Definition

Back Testing

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What is Back testing?

Back testing is a technique that analyses the models or strategies in terms of their performance. Generally, the viability of a strategy is assessed in back testing by analysing its performance using historical data. If positive results are observed after back testing, then analysts and traders gain the confidence to employ it. The success of a strategy or model is assessed by analysing and predicting its capabilities.

Summary
  • Back testing is a technique that analyses the models or strategies in terms of their performance.
  • The viability of a strategy is assessed in back testing by analysing its historical performance using appropriate data.
  • The success of a strategy or model is assessed by analysing predicting the capabilities of models or strategies.

Frequently Asked Questions (FAQs)

How back testing works?

Analysts or traders employ back testing methodology to test and compare a range of trading strategies or techniques before risking their funds. The back testing works on the theory that if a strategy has given poor results in the past, then it is highly unlikely that the same strategy will provide positive results in the future. While employing back testing, analysts mainly focus on the risk level and the profitability.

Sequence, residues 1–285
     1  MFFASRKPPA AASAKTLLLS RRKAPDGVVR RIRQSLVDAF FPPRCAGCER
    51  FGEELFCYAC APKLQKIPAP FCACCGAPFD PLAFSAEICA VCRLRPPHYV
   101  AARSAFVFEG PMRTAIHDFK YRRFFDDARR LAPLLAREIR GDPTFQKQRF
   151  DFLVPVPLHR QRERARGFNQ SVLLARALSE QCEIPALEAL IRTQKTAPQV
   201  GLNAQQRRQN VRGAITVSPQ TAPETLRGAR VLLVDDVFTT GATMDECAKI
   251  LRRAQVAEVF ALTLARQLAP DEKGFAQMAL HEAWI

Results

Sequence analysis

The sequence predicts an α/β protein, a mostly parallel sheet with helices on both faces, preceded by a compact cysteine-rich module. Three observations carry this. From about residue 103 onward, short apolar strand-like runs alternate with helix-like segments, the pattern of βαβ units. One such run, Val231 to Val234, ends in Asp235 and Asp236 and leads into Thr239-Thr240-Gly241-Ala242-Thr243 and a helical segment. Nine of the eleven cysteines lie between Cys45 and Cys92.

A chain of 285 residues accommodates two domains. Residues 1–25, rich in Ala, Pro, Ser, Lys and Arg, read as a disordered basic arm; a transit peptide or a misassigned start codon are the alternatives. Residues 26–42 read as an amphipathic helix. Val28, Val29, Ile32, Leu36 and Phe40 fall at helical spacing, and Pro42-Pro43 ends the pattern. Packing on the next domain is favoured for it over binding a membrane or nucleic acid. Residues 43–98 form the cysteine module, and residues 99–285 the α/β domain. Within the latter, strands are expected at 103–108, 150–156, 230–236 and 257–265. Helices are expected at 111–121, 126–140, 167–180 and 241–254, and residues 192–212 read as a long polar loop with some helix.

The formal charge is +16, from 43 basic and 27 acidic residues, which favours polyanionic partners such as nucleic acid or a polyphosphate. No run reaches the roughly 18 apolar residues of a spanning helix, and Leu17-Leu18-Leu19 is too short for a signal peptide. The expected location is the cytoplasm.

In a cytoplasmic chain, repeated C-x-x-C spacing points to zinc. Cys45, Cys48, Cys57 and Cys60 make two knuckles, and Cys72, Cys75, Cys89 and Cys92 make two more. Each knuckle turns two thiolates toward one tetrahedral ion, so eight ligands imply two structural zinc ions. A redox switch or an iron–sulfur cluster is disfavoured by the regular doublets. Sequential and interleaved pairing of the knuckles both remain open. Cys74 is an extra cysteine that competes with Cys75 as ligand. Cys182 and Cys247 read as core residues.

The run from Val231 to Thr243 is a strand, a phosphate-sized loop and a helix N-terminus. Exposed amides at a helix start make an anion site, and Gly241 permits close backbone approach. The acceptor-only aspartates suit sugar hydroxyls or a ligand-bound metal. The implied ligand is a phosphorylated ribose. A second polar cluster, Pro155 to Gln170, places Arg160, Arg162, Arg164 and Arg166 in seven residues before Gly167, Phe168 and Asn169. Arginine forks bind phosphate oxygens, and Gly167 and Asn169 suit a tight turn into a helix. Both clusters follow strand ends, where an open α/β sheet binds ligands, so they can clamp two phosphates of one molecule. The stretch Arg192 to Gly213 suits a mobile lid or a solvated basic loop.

A back testing will consider a range of factors while measuring the performance of a strategy. A strategy will be marked successful when positive results are observed on the historical data. The back testing is employed with the assumption that the stock market follows the historical patterns.

To illustrate, a trader assesses a model to predict the future return on a stock. By utilising historical data, the new model is tested and results are achieved. After that, the analyst compares the results achieved from back test with the actual historical results. If any deviation is observed in the results, then the model will be tagged as not efficient for the future market.

Who employs back testing?

Back test can be performed by any individual but generally, it is employed by money managers and institutional investors. It is not used by individuals as it requires an abundance of historical data and it can be an expensive affair to get access to the data for complex modelling.

Financial capital and human capital are necessary for investment companies and institutional traders to use back testing techniques in their strategies. Since the stock market involves huge investments, then it is necessary for the institutional investors to employ back tests and reduce the risk.

How are back tests implemented?

Usually, the programmers code the back test and afterwards a simulation is run on the trading models or strategies. The simulation is run by employing historical data from bonds, stocks, or financial instruments. The analyst will assess the return from different models in different data sets after running back test.

To achieve reliable and valid results, it is suggested that models are tested in different market conditions. Moreover, the variables can be tweaked against different back testing measures.

What is the importance of back testing?